Thinking back to my childhood, I have so many wonderful Christmas memories wrapped up in the five senses, and many of them were indeed part of our family traditions--the cinnamon taste of my mama's warm, gooey bubble bread (monkey bread to many of you) on Christmas morning, the sparkle of the lights that we drove around to look at every Christmas eve, the feeling of swelling in my chest of pure joy at the wonder of this special time, the sound of my papa praying and reading from the Bible, and the smells of cinnamon, nutmeg, cloves, citrus, mint and chocolate swirling around in the air.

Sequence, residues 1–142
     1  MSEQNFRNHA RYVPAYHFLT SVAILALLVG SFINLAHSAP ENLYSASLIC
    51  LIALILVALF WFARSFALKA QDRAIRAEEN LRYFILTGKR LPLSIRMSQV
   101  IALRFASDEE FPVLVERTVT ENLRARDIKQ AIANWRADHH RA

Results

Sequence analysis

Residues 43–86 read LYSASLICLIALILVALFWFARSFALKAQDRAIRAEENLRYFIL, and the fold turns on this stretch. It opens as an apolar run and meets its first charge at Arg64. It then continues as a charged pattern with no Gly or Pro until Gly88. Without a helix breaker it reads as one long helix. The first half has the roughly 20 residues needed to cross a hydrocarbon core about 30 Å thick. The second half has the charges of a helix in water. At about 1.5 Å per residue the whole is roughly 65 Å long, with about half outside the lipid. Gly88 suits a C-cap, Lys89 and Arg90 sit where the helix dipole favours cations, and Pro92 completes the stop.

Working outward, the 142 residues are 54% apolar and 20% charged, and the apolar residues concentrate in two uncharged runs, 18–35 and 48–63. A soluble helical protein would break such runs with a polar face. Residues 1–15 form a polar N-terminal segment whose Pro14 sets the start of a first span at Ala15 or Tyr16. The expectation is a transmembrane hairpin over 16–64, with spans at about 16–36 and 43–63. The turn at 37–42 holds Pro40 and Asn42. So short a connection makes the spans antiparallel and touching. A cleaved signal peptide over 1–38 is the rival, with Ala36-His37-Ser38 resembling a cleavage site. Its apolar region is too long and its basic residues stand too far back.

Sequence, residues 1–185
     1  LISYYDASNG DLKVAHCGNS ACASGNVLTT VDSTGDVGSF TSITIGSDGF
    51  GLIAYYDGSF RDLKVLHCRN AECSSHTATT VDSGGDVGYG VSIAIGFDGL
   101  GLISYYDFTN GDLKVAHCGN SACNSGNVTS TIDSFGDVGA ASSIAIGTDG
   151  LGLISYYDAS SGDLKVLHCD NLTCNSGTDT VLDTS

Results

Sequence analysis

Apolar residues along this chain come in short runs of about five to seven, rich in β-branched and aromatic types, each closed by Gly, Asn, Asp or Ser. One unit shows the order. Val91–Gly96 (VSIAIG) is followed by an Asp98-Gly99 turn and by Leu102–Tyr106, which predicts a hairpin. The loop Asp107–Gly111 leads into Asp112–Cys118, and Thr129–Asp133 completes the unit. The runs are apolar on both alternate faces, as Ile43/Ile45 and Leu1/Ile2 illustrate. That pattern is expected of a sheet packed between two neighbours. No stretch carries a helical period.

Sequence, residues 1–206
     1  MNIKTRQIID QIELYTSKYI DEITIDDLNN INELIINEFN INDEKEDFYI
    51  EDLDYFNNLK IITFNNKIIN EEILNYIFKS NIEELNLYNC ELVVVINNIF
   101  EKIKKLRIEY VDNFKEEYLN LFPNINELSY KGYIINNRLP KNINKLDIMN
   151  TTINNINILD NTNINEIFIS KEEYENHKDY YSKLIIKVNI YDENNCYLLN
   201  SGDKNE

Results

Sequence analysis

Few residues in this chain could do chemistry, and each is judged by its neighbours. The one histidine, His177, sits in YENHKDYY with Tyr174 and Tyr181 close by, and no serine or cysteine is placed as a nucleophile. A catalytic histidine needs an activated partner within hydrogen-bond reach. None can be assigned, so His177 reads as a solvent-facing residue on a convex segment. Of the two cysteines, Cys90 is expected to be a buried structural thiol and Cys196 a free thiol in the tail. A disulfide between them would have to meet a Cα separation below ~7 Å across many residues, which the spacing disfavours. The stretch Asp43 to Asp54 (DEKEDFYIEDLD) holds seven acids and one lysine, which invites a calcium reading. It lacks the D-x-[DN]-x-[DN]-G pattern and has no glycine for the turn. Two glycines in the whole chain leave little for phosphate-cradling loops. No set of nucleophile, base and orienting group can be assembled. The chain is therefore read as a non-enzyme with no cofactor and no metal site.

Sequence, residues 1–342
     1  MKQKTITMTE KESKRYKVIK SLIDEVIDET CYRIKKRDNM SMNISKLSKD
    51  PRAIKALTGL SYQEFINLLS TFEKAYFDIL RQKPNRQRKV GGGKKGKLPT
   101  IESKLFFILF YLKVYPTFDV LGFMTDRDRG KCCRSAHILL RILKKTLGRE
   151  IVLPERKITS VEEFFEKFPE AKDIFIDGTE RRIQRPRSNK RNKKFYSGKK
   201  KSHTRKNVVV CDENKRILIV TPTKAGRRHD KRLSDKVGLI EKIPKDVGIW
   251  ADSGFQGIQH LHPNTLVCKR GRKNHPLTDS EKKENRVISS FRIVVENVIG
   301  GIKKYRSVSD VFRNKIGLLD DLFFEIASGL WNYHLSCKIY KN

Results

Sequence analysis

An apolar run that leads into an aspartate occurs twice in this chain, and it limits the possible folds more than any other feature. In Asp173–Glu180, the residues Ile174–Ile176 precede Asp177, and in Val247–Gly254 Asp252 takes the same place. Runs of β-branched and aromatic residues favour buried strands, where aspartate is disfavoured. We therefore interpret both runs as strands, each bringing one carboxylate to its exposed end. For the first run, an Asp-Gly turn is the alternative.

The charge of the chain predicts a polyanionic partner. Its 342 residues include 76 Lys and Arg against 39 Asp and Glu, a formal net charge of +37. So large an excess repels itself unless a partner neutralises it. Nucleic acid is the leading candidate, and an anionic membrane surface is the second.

I love that my most vivid memories of Christmas are not about stuff. Yes, we did receive presents. Santa did come to our house. As the oldest of five kids, and my youngest sister 11 years my junior, Santa made appearances in our house for many years. I admit, I did get gleeful when I saw my bulging stocking hanging from our stair banister, even long after Santa morphed into my parents. But our Christmas wasn't all about the presents. We didn't mail letters to Santa. It was never about making a list of wants. Our Christmas was about family. It was about enjoying good food together. It was about spending time with my brother and sisters in our pajamas until well after noon. It was about bundling up and going outside to play in the snow. It was about worshiping our Father by loving one another and spending a good day together.